Presented By:Dana-Farber Cancer InstituteJimmy FundAdidas

Results and Commentary: 2013 Race Highlights

A look back at the 2013 B.A.A. Half Marathon

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By Michael Keebler and Chris Lotsbom

BOSTON - 2013 Boston Marathon® champion Lelisa Desisa (ETH) and Kim Smith (NZL) won the 13th B.A.A. Half Marathon, presented by Dana-Farber Cancer Institute and the Jimmy Fund, under sunny skies in Boston’s Franklin Park. Desisa and Smith both broke the event record on this rolling course through Boston’s picturesque Emerald Necklace park system, running 1:00:34 and 1:09:14, respectively. Stephen Sambu (KEN), who placed third today, and Smith won the 2013 B.A.A. Distance Medley and earned $100,000 each.

The 13th B.A.A. Half Marathon is the third and final event of the 2013 B.A.A. Distance Medley, a three-race series which combines the B.A.A. 5K on April 14, the B.A.A. 10K on June 23, and the B.A.A. Half Marathon. Sambu, 25-years old, and Smith, 31, won $100,000 each as the male and female with the fastest cumulative time in the three-race series.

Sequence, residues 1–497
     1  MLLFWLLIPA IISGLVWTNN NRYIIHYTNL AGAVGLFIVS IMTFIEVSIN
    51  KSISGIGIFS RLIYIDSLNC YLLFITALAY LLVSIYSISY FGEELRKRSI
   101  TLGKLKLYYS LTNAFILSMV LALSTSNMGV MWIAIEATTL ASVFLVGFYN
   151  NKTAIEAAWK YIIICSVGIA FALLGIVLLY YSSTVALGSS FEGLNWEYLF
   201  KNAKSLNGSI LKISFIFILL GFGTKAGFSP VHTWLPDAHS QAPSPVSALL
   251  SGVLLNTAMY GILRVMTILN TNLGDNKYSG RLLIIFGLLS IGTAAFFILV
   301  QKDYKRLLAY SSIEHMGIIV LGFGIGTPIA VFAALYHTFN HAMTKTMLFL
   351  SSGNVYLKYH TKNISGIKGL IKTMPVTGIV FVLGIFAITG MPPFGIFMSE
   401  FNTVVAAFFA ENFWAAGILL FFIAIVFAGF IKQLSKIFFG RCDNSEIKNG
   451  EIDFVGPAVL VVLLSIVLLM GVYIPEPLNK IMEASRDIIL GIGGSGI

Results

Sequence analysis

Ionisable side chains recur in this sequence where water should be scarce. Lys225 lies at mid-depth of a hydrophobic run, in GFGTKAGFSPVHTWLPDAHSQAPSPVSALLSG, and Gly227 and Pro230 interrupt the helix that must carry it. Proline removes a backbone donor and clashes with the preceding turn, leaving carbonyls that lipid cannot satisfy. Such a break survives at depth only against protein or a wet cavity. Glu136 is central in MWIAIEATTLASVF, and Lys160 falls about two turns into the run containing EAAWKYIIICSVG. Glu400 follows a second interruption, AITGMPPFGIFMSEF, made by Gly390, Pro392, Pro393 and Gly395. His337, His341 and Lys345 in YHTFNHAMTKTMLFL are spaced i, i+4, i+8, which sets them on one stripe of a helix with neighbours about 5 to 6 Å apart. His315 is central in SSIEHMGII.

Desisa, 25, remembering his victory in the 117th Boston Marathon just six months ago, smiled at the cheers from the crowd at the finish line inside White Stadium. “I like the people of Boston, and I am considering myself now one of the people of Boston,” said the reigning Boston Marathon champion.

Desisa will be remembered in Boston for more than his victory on April 15, 2013. He also returned for the B.A.A. 10K on June 23, where he gifted his Boston Marathon winner’s medallion to Mayor Thomas M. Menino in a gesture of solidarity with the City of Boston and as a tribute to those who were affected by the events of April 15.

Following the B.A.A. 10K, Sambu held a 26-second lead over Daniel Salel (KEN) on the B.A.A. Distance Medley Leader Board. 2012 B.A.A. Distance Medley champion Allan Kiprono (KEN) and 2012 B.A.A. Distance Medley runner-up Lani Rutto (KEN), were both within one minute of the overall lead.

In the early stages of the race, a pack of more than ten runners controlled the pace, passing the first mile marker in 4:26, two miles in 9:06, and reaching 5K in 14:11. Kiprono and Rutto led the pack by a step in these first few miles, as Rutto took the pace-setting duties until the sixth mile. Passing the 10K mark in 28:17, Kiprono made a move to take the lead by a step, but the pack remained largely unchanged.

By the eight-mile mark, the lead pack was narrowed to Sambu, Salel, Kiprono, Desisa, and Sam Chelanga (KEN). Following a 4:22 mile split in the ninth mile, Salel and Sambu took the lead and raced side-by-side.